The series of virtual forums provides a weekly opportunity for increasing knowledge and reflecting on integrated soil management within the Latin American context. The forums will be carried out over six weeks; the first four weeks they will be held in Spanish, and the rest of the weeks they will be held in English for Caribbean countries in particular.
The forums will begin by addressing the current context and state of the art, followed by the presentation of case studies or technologies that are turning out to be effective, and reflections on decision-making policies, strategies and tools that contribute to integrated soil management, with the goal of preventing degradation processes or helping land to recuperate from them, and preserving natural resources and biodiversity.
Each forum will last two hours and will involve the participation of two or three experts on the topics being addressed, who will give 20-minute presentations followed by a final session for questions and discussion. Questions may be asked virtually or in person, as appropriate.
In 2050, four fifths of the food needed to feed over nine billion people will come from existing land as a result of the intensification of agricultural production. It is predicted that a large percentage of this demand for food will be satisfied by countries in the Latin American region.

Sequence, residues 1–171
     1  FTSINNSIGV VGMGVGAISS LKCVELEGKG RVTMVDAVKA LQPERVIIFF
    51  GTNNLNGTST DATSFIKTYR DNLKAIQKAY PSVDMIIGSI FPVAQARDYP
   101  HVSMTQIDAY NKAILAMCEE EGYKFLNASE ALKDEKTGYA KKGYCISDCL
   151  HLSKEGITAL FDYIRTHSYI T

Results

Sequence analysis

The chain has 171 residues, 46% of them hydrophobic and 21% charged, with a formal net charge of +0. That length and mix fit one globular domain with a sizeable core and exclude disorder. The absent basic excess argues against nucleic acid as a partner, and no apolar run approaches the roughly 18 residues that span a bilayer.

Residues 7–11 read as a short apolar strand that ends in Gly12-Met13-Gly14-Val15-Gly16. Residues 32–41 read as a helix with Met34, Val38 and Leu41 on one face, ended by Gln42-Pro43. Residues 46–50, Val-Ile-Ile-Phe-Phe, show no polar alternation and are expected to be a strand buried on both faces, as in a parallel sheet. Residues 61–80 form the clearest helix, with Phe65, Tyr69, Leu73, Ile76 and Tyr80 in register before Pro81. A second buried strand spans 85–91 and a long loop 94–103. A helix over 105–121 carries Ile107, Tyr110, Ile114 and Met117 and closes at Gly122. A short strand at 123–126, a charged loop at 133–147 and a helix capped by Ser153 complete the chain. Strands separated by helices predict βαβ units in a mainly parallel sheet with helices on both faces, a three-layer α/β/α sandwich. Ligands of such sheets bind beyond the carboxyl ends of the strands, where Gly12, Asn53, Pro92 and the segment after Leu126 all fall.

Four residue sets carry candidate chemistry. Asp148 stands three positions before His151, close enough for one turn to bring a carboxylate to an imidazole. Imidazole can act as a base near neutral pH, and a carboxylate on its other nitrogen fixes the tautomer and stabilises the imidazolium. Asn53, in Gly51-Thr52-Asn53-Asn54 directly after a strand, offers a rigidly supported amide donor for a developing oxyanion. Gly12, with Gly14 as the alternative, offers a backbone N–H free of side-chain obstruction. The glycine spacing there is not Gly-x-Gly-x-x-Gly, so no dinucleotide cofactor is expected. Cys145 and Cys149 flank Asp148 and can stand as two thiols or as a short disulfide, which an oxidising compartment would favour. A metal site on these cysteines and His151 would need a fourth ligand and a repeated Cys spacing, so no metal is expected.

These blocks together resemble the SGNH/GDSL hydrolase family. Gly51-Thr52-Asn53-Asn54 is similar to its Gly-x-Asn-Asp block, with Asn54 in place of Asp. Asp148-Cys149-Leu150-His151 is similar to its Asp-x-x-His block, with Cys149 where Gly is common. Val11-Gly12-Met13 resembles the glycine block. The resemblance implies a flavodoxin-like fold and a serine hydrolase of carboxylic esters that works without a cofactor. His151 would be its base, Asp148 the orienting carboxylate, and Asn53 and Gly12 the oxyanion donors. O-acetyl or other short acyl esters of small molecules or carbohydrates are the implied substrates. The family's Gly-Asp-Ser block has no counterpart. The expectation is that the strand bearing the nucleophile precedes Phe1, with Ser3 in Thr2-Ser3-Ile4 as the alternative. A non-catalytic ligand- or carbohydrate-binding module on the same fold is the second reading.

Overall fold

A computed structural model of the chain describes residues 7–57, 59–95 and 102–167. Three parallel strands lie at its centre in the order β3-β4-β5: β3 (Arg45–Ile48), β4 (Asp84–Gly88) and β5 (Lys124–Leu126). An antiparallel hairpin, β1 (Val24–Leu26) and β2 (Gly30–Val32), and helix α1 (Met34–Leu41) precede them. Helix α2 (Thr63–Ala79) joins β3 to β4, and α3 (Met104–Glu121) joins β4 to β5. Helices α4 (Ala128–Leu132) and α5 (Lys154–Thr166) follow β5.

However, the high vulnerability of many countries in Latin America and the Caribbean (LAC), largely due to climate variability and climate change, is one of the greatest threats to agricultural production, food and nutritional security, as well as sustainable development.
LAC countries are exposed to the effects of climate change. This includes changes in rainfall patterns, temperature increases, and extreme weather events that affect the productivity of the agricultural sector in the Americas.
Climate change constitutes one of the greatest triggers for soil degradation. The use of non-sustainable agricultural practices causes erosion, sedimentation in rivers, and loss of water sources, vegetation and biodiversity; these in turn worsen climatic impacts.
These impacts can be reduced through the use of integrated soil management (ISM) approaches that highlight the importance of the physical properties of soils and organic materials through the improvement of fertility, water availability and plant cover, and by optimizing nutrient cycles and conservation techniques.
In summary, focusing efforts on the topic of soil management is a pressing matter. Healthy soil produces healthy food, supports a healthy lifestyle and greater ecosystem services, and promotes a healthy environment.
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